Actors in history’s grand stage play (part VI)

In the wake of the JFK assassination, would soon arrive the seemingly perfect anecdote for America’s malaise. In 1964, four charismatic lads allegedly hailing from a dank and gray overcast port called Liverpool, appeared on the popular Ed Sullivan show and proceeded, armed with rough hewed guitars and sunny melodies, to pluck euphoria from the oak strong grip of sorrow, holding captive America’s hearts as well as their imaginations.

However, after more than sixty years since that eventful night on American television, cracks are starting to appear in the media sorcerer’s wall of spells.

And now, it is time to tear the wall completely down. 

One does not derive pleasure from having to slaughter this particular sacred cow.

Nevertheless, the truth must be told.

Under the smallest of scrutiny, the mythical story of four unknown musicians discovered at the dingy Cavern club in downtown Liverpool during Brian Epstein’s lunch break utterly falls apart. For, here was a man with aristocratic bearing, just happened to wander in to the smoky night club at lunch time to ‘discover’, as Epstein himself put it, “four rather ill-clad youths on a dimly lit stage with a presentation left something to be desired.”

It was often claimed, after the fact, Epstein had heard a record that happened to come into his shop, (Epstein was owner and chief manager of NEMS record franchise) featuring the unknown group accompanying minor pop luminary Tony Sheridan. Despite the fact, Epstein admittedly did not care for pop music, the future Beatles Svengali claimed this rather pedestrian musical ditty nonetheless evinced his considerable interest. This beginning scenario, firmly establishing the Beatles myth for posterity, simply strains credulity.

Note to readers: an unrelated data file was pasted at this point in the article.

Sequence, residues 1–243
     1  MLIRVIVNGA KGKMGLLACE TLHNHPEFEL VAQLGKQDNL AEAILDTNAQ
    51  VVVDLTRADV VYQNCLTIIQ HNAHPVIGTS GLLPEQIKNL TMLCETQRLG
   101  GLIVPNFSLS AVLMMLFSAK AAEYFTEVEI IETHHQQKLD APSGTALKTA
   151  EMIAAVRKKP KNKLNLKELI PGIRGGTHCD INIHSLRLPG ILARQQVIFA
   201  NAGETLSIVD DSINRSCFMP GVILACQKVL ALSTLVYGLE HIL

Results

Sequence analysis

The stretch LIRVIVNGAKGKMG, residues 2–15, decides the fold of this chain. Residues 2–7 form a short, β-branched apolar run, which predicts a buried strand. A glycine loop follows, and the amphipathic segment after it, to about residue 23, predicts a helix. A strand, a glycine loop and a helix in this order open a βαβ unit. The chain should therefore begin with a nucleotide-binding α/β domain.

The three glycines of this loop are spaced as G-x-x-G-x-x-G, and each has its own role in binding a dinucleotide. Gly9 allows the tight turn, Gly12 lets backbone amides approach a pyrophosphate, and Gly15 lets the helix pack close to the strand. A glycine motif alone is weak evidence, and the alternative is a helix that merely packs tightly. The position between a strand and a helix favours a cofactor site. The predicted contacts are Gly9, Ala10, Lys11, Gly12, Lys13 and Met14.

First off, does one genuinely believe an aristocratic gentleman, with no interest in pop music, would suddenly become enamored with the rather primitively recorded din of four unknown upstarts?

Secondly, social classes, even during this era, were greatly segregated in Britain, perhaps even more so than in America. For generations, gentleman from the upper classes in Britain have not sought the company of those belonging to lower and especially working classes. At the very least, it is fair to surmise a man of noble and aristocratic bearing, as Mr. Lorry in Dickens’ Tale of Two Cities put it, ‘a man of business’, would never have deigned to make it a habit of taking his lunch in the roughest part of downtown Liverpool. A man such as Epstein, would have undoubtedly considered the dingy Cavern club utterly ghastly, and would never have ventured in, at lunch time or any other.

That is, unless, a business meeting had been prearranged on behalf of someone belonging to a social station commensurate with Epstein’s own-someone, more than likely of great enough importance to have impressed the future Beatles manager wandering into the filthy Cavern was worth the time investiture.

The story attached to how Epstein first heard of the Beatles is suspect in the extreme. Now, in fact, Epstein’s surviving managerial assistant at NEMS, has told the truth about ‘My Bonnie’ by Tony Sheridan and the ‘Beat Brothers’. The original tale of young Liverpool ‘fan’ named ‘Raymond Jones’ purchasing the Beatles first recording, is now admitted to be a complete fabrication. Not only is ‘Raymond Jones’, the alleged customer, admitted to have been fabricated, Epstein’s assistant admits he was the one purchased the obscure recording. From approximately 12:52 to 13:50 in the following video, the true story of Epstein’s ‘discovery’ of the Beatles is told: